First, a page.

Driving licence law change speeds up DVLA fitness-to-drive checks

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Physicians will be given the power to forward medical questionnaires to other healthcare professionals to reduce wait times

Drivers who need a doctor’s certificate to obtain a driver’s license should get a permit faster after a change in the law.

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As of July 20, the DVLA relaxed its rules on who can administer medical questionnaires to reduce a backlog and relieve pressure on doctors.

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The questionnaires assess a person’s fitness to drive and are used for new applications and license renewals.

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Previously, only doctors registered with the Medical Association were allowed to complete the questionnaires, but the 1988 amendment to the Road Traffic Act means doctors can now delegate the task to qualified health professionals from other professional bodies, following consultation.

These include specialized nurses and optometrists who can provide information if a driver has declared an illness when applying for a driver’s license.

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The DVLA says the change will speed up the licensing process for hundreds of thousands of motorists who have faced significant delays processing medical applications.

DVLA Managing Director Julie Lennard said: “Each year we receive an increasing number of applications for medical licenses from drivers.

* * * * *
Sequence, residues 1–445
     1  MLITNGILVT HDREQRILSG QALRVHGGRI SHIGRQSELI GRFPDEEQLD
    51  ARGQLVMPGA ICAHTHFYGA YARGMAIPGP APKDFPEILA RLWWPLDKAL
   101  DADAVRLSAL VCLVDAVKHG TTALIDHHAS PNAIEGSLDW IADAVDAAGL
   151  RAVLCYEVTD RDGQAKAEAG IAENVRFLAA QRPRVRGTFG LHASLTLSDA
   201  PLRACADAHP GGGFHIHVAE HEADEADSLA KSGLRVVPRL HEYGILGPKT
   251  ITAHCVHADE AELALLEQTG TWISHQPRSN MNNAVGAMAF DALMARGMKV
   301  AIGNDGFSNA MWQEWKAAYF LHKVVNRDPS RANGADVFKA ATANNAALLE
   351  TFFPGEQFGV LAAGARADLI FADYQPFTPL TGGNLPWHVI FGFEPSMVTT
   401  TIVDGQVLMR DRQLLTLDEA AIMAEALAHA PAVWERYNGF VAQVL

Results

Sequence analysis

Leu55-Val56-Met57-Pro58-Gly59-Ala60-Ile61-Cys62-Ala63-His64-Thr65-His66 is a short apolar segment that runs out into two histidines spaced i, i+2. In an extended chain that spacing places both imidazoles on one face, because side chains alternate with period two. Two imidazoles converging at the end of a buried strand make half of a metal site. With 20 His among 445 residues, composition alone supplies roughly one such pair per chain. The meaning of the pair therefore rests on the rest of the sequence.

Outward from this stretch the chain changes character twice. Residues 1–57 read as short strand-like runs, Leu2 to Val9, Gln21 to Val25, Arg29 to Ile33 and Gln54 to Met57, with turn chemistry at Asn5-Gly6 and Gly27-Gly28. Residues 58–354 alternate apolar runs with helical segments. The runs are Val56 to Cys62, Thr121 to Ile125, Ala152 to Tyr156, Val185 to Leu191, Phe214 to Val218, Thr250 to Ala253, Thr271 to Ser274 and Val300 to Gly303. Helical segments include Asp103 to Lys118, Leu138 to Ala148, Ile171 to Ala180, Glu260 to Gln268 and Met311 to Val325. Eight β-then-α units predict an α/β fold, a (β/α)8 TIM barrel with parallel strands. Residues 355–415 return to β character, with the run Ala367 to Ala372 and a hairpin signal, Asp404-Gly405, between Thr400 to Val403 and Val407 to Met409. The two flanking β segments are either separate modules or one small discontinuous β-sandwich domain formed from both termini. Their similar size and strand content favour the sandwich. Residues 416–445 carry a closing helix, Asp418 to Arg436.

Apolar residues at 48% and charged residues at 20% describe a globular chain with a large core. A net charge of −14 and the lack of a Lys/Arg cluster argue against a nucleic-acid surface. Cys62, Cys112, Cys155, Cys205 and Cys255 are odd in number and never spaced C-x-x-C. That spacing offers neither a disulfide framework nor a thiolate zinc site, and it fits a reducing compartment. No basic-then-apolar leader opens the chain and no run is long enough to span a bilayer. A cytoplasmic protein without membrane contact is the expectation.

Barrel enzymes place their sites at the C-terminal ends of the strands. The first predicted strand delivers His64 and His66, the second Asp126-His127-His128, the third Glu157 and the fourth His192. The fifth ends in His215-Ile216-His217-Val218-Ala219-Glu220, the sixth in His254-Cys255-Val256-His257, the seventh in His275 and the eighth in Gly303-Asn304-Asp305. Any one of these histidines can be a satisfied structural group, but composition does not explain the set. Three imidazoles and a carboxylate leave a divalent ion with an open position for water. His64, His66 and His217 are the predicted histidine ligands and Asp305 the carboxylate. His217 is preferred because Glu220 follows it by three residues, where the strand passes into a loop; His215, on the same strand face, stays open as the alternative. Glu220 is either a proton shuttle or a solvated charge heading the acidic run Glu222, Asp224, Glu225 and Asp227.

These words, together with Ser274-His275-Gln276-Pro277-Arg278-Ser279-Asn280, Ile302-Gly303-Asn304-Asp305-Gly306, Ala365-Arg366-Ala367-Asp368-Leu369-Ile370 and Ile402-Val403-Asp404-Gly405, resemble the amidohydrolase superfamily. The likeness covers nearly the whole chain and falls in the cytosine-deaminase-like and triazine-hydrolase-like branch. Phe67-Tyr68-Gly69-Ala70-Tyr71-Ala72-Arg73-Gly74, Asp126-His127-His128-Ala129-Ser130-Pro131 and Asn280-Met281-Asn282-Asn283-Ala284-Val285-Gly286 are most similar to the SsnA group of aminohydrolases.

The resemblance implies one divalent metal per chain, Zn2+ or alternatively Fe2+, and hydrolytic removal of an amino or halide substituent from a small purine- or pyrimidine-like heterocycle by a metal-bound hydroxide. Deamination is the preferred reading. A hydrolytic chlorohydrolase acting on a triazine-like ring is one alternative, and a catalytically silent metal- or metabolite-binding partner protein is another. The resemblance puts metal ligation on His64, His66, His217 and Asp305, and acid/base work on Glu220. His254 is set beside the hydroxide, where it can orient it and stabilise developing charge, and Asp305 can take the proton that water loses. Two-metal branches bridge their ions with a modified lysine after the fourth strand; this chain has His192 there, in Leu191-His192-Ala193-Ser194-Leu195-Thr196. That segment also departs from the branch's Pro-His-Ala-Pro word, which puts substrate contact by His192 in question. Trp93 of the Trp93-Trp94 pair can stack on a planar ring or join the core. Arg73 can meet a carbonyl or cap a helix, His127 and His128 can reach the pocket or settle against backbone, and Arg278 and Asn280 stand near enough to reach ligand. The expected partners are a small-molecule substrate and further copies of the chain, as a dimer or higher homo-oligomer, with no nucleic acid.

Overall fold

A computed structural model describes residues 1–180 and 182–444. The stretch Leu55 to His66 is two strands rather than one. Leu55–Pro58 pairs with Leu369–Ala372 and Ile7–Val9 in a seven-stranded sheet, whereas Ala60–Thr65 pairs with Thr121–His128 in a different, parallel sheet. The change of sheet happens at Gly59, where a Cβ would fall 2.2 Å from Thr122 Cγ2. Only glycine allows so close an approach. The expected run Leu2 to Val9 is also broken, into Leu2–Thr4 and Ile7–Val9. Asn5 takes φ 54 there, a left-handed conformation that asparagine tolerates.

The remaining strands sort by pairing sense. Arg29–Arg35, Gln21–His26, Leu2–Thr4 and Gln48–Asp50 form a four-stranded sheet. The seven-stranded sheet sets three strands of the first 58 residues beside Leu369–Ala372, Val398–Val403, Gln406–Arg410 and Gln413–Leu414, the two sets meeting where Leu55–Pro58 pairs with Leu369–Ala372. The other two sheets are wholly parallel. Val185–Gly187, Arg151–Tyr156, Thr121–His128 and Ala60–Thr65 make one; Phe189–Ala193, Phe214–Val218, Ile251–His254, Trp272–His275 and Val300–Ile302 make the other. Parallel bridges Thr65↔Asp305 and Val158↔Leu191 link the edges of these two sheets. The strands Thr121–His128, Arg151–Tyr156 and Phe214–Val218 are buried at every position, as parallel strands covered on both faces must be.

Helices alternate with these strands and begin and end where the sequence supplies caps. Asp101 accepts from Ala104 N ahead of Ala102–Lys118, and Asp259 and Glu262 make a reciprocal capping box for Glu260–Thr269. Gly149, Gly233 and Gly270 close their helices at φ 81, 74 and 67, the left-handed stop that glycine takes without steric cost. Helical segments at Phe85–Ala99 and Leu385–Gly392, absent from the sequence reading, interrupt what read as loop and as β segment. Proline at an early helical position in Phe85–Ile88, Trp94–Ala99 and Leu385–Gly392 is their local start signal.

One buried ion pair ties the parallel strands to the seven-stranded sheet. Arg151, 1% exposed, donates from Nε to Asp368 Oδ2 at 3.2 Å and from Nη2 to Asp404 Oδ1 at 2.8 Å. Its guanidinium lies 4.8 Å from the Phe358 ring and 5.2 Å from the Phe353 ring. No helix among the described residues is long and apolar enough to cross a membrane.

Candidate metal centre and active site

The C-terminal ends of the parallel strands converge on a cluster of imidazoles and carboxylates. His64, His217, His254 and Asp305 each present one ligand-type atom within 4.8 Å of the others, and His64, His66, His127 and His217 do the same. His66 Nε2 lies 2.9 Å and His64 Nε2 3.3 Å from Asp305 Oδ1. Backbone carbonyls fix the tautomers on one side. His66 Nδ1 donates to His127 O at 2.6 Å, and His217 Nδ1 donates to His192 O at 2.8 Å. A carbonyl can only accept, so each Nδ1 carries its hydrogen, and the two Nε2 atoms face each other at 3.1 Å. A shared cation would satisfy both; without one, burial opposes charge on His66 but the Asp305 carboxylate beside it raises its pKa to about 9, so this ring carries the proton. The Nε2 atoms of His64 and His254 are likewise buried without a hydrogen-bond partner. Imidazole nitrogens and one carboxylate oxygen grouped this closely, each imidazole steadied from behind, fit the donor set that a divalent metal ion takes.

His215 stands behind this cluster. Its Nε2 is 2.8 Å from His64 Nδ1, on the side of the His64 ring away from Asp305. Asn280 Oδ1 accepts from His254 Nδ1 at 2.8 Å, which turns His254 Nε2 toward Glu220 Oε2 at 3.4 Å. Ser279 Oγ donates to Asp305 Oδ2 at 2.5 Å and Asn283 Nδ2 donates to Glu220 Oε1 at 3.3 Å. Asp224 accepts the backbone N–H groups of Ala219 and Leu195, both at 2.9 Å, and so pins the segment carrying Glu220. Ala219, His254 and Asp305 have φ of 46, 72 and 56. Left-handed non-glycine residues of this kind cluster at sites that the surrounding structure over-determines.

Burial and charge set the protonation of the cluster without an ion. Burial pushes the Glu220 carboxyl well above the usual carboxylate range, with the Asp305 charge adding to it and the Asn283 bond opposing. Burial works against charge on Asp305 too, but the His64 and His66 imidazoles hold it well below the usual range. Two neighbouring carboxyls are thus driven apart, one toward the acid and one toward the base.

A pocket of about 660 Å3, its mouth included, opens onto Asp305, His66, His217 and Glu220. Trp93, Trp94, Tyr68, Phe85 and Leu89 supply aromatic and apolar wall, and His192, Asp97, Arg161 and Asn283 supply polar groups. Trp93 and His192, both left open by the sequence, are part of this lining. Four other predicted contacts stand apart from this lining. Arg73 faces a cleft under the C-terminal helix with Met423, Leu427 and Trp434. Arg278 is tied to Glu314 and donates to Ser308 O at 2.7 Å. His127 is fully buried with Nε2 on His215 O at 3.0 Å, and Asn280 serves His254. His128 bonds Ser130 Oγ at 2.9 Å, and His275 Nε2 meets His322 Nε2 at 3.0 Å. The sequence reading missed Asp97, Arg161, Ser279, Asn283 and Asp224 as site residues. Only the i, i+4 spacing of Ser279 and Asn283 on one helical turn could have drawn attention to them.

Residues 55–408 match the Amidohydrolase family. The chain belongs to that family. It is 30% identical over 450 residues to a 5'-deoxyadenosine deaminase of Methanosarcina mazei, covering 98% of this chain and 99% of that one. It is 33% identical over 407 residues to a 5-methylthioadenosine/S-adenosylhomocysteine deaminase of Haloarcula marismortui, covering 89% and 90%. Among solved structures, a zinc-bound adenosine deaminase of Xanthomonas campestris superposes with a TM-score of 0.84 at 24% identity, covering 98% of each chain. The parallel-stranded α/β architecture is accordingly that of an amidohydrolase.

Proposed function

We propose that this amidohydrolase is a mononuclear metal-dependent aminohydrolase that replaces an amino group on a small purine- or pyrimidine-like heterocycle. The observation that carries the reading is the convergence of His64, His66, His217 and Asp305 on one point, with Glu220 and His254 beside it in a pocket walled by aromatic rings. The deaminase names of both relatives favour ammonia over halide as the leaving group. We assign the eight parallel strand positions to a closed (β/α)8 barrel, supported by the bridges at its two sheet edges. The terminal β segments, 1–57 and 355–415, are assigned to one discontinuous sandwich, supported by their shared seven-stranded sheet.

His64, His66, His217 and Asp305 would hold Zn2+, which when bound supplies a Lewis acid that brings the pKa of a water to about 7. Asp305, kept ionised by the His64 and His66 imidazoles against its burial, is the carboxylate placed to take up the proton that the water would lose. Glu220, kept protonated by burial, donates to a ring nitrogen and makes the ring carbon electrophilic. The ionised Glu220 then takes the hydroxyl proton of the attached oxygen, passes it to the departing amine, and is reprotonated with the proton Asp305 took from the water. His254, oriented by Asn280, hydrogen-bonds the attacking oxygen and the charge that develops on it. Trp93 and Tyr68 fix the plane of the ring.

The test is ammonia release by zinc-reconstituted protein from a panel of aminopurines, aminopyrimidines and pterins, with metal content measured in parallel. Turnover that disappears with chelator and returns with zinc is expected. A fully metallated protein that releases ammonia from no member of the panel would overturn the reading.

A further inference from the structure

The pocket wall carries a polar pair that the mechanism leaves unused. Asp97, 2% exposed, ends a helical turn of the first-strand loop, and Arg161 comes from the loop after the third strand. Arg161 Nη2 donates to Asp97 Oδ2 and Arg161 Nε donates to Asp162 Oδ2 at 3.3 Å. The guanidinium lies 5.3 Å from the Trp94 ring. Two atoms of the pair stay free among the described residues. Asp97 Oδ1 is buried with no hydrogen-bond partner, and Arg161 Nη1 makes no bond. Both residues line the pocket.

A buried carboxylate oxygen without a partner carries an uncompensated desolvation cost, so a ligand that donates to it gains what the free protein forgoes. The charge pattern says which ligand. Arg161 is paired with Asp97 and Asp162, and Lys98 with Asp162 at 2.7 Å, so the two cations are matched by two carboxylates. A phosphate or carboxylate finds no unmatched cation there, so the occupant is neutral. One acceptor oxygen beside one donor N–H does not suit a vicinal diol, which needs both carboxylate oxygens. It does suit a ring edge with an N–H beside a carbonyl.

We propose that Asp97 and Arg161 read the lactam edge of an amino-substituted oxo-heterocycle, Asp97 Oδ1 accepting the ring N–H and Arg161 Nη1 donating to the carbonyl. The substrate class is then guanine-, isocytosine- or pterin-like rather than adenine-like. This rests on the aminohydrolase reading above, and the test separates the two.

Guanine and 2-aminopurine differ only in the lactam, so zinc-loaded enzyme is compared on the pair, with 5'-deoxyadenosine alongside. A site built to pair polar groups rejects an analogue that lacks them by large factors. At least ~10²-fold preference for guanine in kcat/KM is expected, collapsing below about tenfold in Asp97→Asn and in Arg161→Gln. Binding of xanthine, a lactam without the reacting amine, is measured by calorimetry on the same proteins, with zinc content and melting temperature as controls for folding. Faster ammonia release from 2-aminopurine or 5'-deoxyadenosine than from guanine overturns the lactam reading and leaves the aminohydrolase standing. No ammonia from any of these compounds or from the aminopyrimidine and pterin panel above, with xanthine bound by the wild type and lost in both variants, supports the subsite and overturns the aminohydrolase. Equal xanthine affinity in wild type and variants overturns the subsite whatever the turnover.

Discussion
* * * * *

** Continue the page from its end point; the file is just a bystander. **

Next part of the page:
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“This change in legislation, which expands the circle of healthcare professionals who can complete DVLA questionnaires, improves the process for those reporting conditions to DVLA while reducing the administrative burden on doctors, benefiting drivers and the NHS alike.”

It was estimated that up to 200,000 drivers were awaiting medical clearance to drive, and some were tempted to contact other practitioners who did not know their full history, rather than wait to see their own GP.

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It warned that this could result in some drivers being approved for a license despite being medically unfit to drive.

Every year, the DVLA makes around 500,000 decisions on drivers’ suitability to drive. Many of these decisions are based on medical questionnaires completed by a doctor or consultant.

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While the July change affects medical questionnaires, it does not apply to the more detailed D4 medical examination report, which must still be completed by a GMC-registered physician or consultant.

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